Regardless of the very warm forecast, 9 enthusiastic ANGAIR members took on the challenge of locating the two orchid species which can often be seen in this remnant gravel pit site during the months of October, November and December.
Both the Flying Duck Orchid Caleana major and the Small Duck Orchid Paracaleana minor were successfully located, providing an opportunity to discuss the intricate pollination technique involving the pollinating male sawfly, whose presence on the hinged labellum or ‘ducks head’ triggers the labellum to close, pinning the sawfly against the column containing the orchid reproductive parts. Cross pollination being the aim of this deceptive practice.
Flying Duck Orchid
Small Duck Orchid (photo by Margaret MacDonald)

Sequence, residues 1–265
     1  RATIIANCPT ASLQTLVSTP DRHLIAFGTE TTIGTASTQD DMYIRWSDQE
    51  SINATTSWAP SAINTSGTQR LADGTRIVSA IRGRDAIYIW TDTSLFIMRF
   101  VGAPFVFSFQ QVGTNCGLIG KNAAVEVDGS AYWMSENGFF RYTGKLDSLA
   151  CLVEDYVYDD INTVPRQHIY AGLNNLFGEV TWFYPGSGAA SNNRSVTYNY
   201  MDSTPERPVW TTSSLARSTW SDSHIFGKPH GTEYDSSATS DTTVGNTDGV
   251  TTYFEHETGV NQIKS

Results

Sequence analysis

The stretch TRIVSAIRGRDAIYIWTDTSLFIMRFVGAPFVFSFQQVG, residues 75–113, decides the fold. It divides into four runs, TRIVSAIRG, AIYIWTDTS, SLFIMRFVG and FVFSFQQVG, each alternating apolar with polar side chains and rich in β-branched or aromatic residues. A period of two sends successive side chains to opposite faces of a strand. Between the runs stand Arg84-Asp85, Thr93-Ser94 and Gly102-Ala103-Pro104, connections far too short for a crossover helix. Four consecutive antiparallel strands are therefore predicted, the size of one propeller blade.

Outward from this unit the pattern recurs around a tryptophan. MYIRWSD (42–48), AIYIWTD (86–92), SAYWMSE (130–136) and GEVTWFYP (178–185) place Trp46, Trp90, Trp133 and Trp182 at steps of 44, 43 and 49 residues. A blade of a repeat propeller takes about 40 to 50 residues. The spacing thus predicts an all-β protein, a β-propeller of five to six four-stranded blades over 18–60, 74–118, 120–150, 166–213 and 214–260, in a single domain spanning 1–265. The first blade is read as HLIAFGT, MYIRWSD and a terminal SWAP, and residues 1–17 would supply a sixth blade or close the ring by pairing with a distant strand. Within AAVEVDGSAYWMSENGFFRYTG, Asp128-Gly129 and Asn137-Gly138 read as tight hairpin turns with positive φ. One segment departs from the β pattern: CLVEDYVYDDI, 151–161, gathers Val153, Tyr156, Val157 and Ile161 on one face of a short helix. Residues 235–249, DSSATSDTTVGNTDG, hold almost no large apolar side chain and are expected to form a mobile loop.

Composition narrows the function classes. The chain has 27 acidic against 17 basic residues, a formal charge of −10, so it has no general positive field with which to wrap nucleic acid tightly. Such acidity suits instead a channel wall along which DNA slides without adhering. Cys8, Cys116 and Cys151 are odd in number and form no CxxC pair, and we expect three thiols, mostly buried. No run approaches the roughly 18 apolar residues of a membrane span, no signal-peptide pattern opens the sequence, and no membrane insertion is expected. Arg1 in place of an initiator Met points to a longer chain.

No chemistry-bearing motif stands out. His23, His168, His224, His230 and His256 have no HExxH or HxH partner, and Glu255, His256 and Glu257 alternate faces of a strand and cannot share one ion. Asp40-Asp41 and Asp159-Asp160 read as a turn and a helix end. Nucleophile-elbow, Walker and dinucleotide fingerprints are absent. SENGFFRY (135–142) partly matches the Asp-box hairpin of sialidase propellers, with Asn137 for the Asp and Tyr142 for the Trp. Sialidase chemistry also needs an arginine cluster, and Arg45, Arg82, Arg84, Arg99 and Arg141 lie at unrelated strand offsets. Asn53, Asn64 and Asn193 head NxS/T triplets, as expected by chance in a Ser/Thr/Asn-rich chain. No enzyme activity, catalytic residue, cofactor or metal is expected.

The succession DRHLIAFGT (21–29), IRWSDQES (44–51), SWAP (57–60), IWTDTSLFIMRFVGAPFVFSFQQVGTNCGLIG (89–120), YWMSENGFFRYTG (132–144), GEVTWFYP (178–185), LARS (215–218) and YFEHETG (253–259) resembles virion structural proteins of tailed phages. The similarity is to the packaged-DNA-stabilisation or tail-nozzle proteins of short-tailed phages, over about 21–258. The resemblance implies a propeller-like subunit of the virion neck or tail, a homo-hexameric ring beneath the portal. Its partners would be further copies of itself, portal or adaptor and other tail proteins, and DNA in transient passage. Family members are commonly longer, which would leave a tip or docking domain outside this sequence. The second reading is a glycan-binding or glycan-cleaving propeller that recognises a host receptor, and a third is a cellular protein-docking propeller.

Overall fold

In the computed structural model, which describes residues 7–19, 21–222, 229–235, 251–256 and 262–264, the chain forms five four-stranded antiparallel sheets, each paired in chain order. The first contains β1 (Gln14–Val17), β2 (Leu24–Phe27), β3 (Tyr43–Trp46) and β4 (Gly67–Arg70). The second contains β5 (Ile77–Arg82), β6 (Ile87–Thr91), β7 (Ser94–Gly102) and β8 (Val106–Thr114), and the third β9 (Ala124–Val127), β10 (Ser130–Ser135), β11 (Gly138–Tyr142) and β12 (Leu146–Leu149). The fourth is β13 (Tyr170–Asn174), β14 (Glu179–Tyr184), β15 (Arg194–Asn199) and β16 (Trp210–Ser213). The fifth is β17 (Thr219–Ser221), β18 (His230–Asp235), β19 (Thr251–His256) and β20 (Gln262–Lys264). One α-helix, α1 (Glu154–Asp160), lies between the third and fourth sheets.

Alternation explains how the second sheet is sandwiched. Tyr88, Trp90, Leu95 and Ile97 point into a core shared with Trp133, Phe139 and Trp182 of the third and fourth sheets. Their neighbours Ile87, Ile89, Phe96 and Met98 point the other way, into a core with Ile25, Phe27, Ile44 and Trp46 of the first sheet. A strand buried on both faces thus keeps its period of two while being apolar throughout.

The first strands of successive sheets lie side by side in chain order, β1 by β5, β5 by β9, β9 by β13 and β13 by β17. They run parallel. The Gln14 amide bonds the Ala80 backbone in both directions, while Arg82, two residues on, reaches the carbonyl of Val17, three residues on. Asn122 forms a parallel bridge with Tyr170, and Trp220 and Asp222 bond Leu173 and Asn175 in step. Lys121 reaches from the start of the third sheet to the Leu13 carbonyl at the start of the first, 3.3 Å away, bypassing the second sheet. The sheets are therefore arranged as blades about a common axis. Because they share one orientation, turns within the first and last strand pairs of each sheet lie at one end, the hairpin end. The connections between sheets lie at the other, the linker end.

As well as these orchids we observed some other very interesting plant species which are included in this report.
A keen level of interest being shown
Magnifying lenses and cameras are essential examination tools
A member of the Sedge family, Curly Wig Caustis flexuosa can be found in sandy and gravelly sites around Anglesea, its twisted growth making it an easy plant to remember
Victorian Smoke-bush Comesperma mitchellii was an eye catching find
We were so fortunate to locate generous colonies of flowering Tiny Sundew Drosera pygmaea
Freesia refracta and Freesia alba X F. leichtlinii are declared weeds in the Surf Coast Shire because they spread easily and threaten to invade bushland. Freesias are perennial herbs that die back in summer and produce new foliage in winter. The highly fragrant trumpet-shaped flowers appearing in spring are white to cream and pink with yellow markings, shaded purple on outer surface. Each plant has at least two corms, one below the other, thus requiring deep digging to remove them.
More details about how to control this weed can be found in the archive of Weeds of the Month.
There are a number of wonderful local Friends Groups that provide ANGAIR members and the community with opportunities for involvement.